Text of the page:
Daddy stepped over to the sentient head and spoke to it, 'We're here to get you out of here; the house is coming down; you don't want to be buried forever, do you?'
The eyes watched them, and then closed shut; when they opened they had turned to a normal though milky blue. A good sign; it accepted their words and wanted to go from here.
Shelley wanted to yell at them to not do it. That they should run and get out of there; that they couldn't trust that thing, and that right now it was weak...why were they wanting to help it?
But it was like she wasn't there, and nothing she could do or say would affect the outcome of this...and she wasn't sure it was a dream; it seemed so real.
But they took the head in a jar and left the room, but not without first picking up an oblong box. So Mother carried the box, and Daddy carried the Jar, and they retraced their steps back up through the shell of the house and outside into the backyard.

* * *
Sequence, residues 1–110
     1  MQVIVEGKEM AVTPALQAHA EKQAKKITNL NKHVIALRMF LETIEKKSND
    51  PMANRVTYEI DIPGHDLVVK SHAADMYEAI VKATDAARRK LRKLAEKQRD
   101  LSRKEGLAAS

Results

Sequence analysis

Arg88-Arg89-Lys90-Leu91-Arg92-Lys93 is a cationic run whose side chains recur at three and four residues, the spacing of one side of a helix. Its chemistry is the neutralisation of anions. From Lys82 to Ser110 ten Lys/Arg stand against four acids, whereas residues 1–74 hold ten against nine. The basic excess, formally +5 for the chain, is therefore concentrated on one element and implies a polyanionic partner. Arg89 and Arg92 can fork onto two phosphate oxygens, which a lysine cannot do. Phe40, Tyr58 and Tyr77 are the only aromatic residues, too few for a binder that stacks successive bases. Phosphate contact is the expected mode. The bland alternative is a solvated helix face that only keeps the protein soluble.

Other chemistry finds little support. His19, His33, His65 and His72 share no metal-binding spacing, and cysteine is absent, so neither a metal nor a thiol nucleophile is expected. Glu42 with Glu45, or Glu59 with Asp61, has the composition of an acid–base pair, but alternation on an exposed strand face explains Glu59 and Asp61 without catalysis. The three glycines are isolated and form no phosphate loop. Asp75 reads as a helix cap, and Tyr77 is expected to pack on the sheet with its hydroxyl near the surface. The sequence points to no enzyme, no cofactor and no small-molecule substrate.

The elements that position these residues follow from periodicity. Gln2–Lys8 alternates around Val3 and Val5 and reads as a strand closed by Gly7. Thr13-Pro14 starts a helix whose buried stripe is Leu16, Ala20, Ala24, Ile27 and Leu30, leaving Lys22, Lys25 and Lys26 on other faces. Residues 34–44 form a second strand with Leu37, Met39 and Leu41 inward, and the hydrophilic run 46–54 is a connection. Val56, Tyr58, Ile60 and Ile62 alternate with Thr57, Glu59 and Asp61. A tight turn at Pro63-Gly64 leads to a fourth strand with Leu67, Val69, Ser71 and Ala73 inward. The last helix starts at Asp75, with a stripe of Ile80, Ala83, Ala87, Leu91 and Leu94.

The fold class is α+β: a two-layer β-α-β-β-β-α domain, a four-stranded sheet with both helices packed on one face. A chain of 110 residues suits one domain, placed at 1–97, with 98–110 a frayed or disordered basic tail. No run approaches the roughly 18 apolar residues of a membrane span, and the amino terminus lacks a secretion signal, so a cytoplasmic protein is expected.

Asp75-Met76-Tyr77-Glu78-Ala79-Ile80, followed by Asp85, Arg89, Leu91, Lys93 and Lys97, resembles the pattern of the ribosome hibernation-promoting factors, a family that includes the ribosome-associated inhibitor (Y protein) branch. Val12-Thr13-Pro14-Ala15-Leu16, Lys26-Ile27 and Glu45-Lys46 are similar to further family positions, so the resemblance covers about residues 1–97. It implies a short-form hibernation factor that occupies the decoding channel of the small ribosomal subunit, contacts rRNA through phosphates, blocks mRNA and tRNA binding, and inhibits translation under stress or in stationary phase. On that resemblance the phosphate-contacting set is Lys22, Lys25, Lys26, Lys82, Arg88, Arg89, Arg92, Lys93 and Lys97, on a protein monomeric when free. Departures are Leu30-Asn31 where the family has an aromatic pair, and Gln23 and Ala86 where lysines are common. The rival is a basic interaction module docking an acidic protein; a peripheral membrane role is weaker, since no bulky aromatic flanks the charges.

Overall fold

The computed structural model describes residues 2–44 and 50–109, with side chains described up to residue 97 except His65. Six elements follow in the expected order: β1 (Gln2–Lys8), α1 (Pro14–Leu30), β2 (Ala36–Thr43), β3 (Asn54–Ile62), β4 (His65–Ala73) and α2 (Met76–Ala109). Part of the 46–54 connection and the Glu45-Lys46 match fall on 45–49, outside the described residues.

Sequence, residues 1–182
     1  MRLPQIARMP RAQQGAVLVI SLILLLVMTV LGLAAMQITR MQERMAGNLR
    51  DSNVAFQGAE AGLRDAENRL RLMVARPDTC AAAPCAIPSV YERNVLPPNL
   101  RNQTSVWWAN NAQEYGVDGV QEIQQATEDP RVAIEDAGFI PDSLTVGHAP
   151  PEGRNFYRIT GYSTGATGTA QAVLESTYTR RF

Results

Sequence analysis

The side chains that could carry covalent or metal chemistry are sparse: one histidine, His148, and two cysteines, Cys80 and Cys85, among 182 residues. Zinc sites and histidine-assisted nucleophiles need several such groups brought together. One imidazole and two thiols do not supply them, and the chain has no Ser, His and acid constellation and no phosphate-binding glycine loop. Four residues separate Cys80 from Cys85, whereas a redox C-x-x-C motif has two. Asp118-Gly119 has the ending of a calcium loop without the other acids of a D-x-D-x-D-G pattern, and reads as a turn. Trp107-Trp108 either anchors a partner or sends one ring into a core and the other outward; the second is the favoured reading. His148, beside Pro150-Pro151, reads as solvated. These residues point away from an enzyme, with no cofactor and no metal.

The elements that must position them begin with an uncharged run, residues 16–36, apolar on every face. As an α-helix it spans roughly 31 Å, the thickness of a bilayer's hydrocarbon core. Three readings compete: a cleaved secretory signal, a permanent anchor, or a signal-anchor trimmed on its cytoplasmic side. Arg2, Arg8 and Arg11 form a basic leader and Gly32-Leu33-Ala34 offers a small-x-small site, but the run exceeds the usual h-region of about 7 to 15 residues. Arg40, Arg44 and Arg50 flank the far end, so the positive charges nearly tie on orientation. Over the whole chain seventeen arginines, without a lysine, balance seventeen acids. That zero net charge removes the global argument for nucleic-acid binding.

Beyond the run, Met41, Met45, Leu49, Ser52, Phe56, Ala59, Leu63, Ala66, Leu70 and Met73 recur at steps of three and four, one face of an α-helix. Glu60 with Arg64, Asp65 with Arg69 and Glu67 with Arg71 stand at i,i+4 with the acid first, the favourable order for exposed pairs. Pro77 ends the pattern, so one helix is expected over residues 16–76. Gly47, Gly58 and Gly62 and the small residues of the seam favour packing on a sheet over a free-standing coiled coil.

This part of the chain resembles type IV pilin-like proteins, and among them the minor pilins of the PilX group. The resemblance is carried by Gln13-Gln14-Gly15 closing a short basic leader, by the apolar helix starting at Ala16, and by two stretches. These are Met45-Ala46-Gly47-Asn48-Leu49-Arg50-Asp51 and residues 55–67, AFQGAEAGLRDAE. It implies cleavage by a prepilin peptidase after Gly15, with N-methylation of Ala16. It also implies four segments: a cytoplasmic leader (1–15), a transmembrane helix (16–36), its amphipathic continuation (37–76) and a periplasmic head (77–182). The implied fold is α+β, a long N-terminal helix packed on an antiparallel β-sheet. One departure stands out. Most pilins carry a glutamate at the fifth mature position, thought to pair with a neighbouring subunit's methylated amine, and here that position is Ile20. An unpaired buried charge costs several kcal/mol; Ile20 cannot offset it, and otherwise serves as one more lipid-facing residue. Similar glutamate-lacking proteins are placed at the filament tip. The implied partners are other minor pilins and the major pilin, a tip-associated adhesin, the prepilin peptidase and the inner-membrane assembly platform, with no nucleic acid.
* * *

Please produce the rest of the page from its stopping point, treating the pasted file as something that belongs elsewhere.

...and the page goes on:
And when they had walked about fifty yards into that big back-yard, they stopped at a tree stump and sat the glass jar on it, with the head turned toward the house. The eyes stared at the house and grew gleeful, lighting up a greenish tinge.
And then, Daddy said, 'I need you to stand by him and keep an eye on him so that he can see what is next happening.'
And Mother said, 'We've discussed it already. Just do what must be done. We don't have much longer before dawn.'
'True, well...I know what I'm doing. Leave this to me. I will be back in thirty minutes, at the latest.'
And then Daddy walked over to the fence and picked up a five gallon can of gasoline, and he went back to the same entrance they had used to get in and out and he disappeared inside.